The future of work arrived sooner than anyone expected — and employee engagement platforms are hitting their stride.
The current pandemic, with millions working from home around the world, has thrown into sharp focus just how important workplace communications are, as well as technologies tailored towards employee engagement and wellbeing.
For companies in the future of work sector, like Polish startup workai, this presents a big opportunity.
Founded in 2016, workai wants to make the communication apps we use in the workplace as simple (and enjoyable) as those we use in our personal lives. Its platforms allow in-house communicators to share personalised news, organise in-company events, publish videos and send newsletters with minimal fuss, with real-time analytics to measure engagement levels.
“We came to the market with very easy-to-use systems, which make you want to use them every day,” says workai’s chief technical officer Grzegorz Ciwoniuk.
Our goal is to have big go-to market partners in different markets like the US and the UK.
Going it alone
Ciwoniuk and his cofounder, Łukasz Skłodowski, established workai after years of working for big enterprises on similar issues: creating internal communications solutions.
“We constantly solved the same problems with the same old technology and we thought that there's a lot of new technology on the market, and we can do better to help those companies than just creating systems from scratch from the same old technology,” he tells Sifted.
They created the initial prototypes during after-work hours. The first version took three months. After that, Ciwoniuk says, they locked themselves in a basement for six months to add new features, making it cloud-compatible and SaaS-friendly — and therefore easier for potential customers to test out.
New ways to communicate
Ciwoniuk says that internal company communication has changed rapidly in recent years. “Four or five years ago people were just thinking about starting a news portal inside the company, to have a place to publish news or send newsletters. That was the easy part.”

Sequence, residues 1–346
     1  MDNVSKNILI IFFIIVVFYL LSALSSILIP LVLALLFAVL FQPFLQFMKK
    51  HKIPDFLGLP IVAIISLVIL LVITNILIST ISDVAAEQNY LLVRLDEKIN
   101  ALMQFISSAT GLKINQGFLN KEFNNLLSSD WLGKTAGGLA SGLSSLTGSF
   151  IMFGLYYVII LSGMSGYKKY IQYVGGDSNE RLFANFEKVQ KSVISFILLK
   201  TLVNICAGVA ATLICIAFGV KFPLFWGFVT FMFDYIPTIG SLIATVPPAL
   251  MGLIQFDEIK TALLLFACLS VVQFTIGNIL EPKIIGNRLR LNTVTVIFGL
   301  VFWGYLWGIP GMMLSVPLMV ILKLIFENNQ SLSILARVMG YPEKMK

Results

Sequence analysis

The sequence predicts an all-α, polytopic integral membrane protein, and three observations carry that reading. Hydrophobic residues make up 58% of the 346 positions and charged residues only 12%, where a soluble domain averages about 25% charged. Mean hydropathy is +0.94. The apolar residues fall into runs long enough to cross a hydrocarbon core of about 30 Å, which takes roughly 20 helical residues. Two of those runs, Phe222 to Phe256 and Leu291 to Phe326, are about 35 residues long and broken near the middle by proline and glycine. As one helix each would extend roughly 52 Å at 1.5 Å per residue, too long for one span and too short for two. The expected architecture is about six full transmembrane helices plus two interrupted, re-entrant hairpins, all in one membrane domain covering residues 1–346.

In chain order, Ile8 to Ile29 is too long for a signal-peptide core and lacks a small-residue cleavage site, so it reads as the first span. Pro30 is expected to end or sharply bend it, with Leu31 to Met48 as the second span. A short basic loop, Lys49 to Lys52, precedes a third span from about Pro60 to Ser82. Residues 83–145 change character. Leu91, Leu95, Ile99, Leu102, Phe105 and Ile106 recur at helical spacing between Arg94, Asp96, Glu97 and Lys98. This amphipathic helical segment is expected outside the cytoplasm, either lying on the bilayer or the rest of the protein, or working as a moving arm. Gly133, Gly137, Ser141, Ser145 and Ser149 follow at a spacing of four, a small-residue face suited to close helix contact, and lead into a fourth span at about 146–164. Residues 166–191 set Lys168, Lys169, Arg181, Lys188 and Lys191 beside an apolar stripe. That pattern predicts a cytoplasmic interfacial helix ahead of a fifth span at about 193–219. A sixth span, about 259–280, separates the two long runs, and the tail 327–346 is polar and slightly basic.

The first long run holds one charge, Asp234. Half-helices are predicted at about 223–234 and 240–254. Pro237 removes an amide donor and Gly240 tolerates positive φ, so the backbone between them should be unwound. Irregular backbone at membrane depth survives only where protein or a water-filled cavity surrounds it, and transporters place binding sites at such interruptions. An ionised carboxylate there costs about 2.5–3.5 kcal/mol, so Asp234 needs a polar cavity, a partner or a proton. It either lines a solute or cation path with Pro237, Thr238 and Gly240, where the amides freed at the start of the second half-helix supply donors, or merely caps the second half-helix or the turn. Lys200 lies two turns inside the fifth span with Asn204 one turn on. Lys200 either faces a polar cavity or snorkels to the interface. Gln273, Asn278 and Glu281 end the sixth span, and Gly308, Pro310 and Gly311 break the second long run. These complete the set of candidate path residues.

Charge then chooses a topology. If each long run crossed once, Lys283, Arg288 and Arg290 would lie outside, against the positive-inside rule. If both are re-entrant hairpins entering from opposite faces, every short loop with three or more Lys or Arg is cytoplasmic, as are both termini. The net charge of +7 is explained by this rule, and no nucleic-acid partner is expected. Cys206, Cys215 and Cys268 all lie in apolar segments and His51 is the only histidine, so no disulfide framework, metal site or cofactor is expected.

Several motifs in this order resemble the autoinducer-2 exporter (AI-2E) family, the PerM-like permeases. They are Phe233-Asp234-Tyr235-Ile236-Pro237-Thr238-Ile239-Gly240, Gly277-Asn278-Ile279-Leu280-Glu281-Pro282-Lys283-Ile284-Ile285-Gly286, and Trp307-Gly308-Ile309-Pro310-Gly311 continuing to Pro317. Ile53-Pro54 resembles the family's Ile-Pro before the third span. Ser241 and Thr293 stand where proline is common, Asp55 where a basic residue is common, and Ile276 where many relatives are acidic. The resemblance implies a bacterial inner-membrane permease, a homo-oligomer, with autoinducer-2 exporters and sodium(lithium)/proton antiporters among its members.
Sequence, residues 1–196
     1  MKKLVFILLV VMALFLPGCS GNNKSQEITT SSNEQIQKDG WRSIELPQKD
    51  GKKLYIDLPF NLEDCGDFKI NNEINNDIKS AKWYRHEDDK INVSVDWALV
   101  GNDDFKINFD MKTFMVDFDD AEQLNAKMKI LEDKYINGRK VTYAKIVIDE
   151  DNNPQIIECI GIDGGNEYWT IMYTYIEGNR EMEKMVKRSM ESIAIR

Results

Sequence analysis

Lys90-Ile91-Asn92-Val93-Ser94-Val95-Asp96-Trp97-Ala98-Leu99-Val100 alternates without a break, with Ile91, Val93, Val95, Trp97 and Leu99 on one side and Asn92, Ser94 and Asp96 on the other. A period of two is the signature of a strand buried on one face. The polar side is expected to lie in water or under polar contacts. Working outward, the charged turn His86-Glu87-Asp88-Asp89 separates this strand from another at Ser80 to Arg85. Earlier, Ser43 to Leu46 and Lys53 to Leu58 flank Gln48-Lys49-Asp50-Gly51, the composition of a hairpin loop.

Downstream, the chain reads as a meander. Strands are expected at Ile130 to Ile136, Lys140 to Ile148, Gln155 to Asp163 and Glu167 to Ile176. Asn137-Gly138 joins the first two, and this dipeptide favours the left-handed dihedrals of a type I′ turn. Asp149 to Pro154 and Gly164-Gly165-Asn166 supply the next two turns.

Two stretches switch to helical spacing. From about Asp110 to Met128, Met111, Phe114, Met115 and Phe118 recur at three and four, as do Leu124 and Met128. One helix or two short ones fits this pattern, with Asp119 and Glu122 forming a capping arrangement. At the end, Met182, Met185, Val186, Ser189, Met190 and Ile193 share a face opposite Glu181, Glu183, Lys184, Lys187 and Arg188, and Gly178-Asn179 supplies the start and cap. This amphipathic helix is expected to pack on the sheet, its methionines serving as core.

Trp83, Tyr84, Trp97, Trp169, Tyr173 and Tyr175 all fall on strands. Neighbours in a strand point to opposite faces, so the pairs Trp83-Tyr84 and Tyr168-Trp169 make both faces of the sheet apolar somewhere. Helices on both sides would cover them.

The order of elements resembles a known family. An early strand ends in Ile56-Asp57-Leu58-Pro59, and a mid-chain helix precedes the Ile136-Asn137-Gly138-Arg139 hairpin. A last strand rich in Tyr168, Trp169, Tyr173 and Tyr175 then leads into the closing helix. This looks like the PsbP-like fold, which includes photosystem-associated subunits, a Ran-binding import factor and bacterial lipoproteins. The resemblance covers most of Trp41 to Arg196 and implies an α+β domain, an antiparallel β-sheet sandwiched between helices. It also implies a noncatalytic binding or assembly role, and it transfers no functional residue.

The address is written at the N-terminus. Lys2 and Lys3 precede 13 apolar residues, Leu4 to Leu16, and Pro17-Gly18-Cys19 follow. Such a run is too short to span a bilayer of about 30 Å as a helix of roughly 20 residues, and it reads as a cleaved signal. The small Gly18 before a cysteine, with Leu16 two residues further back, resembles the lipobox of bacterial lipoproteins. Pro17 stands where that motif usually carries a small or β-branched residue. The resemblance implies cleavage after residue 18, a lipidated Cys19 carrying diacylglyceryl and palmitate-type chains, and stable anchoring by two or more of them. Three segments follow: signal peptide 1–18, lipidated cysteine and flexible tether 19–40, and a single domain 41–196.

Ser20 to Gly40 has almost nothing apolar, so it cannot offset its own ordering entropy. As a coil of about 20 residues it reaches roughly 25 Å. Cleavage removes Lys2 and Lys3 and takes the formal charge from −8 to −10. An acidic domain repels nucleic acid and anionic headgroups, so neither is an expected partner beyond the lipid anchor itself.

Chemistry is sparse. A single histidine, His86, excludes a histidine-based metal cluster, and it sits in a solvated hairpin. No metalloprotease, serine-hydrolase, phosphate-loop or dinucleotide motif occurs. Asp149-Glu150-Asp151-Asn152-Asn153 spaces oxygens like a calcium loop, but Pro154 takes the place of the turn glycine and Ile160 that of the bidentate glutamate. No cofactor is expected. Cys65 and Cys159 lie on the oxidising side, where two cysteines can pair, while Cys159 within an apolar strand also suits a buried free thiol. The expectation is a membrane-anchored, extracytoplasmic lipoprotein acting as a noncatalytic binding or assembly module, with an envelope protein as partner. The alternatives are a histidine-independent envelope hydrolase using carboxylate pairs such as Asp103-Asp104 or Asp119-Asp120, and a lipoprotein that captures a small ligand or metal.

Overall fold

Two years later the term ‘digital workplace’ came to life, he says, with different workforce communication tools and systems – like workflows, collaboration and productivity tools – being connected.
And then Covid-19 hit.
“There’ll be no after coronavirus,” says Ciwoniuk. “People tend to get used to processes very quickly. It’s changed and changed for good.”
As such, Ciwoniuk believes that companies need to provide better and more personalised information to their employees, as well as more interactive communication channels, since face-to face interactions are likely to be increasingly replaced by digital solutions.
Companies also “need to measure all those interactions, they need to measure engagement, to know how people feel, how people react to different things, how to improve the process,” he says.
Workai’s aim is to cover the full digital employee experience, right from the onboarding process, says Ciwoniuk. Over time it will cover more and more areas, like room and parking space bookings, through an app. “I think more and more companies will see this as an advantage,” he says.
Cloud as a leveller
Beyond finding the right balance between encouraging employee engagement and not overwhelming workers with too much information, a key challenge is to create something that requires little or no specialist technical or graphic design knowledge from the company side to run.
Simplicity is the name of the game, and workai is not alone in trying to solve this issue for corporations. Looking at only intranets, Ciwoniuk says there are at least 60 different companies offering technologies. “Then we have more complex solutions,” he adds.
Even so, for companies like workai, cloud-based solutions that can be delivered through a SaaS model have been a great leveller, allowing them to easily reach clients all around the world. “Being in the cloud, using all the services Microsoft Azure provides us, is game changing,” he says.
SaaS solutions, without the need to install anything on-premise, are also an easier sell to B2B customers, who otherwise might be reluctant to commit to purchases that require an extended rip-and-replace element.
There’ll be no after coronavirus.
Last year the company, which now has 30 employees, changed its name from Elastic Cloud Solution to workai. The change came at a time when it was shifting its focus from big enterprises to more SaaS solutions for smaller companies, which can sign up for a free trial.
While the majority of workai’s customers are in Poland, it has also moved into western Europe, with customers in Germany, the Netherlands and the UK, among others. “We also have a partner network, with different companies that sell our products to their own customers, which is a good way to accelerate growth,” says Ciwoniuk.
And having bootstrapped to date, the company is now looking at a future funding round, as well as targeting a million daily users over the next 12 months. “Now we have 250,000,” says Ciwoniuk. “It means four times more users, and also new partners.”
“We are currently in talks with different big partners, like telecoms and banks," he adds. "Our goal is to have big go-to market partners in different markets like the US and the UK.”
At Microsoft Central and Eastern Europe, our vision is to help the region advance as digital hotspot, by enabling local entrepreneurs and businesses to innovate and scale globally. The Microsoft for Startups programme is part of that vision, partnering with B2B startups in the region to provide technology and business support and help them realize their ambitions for growth.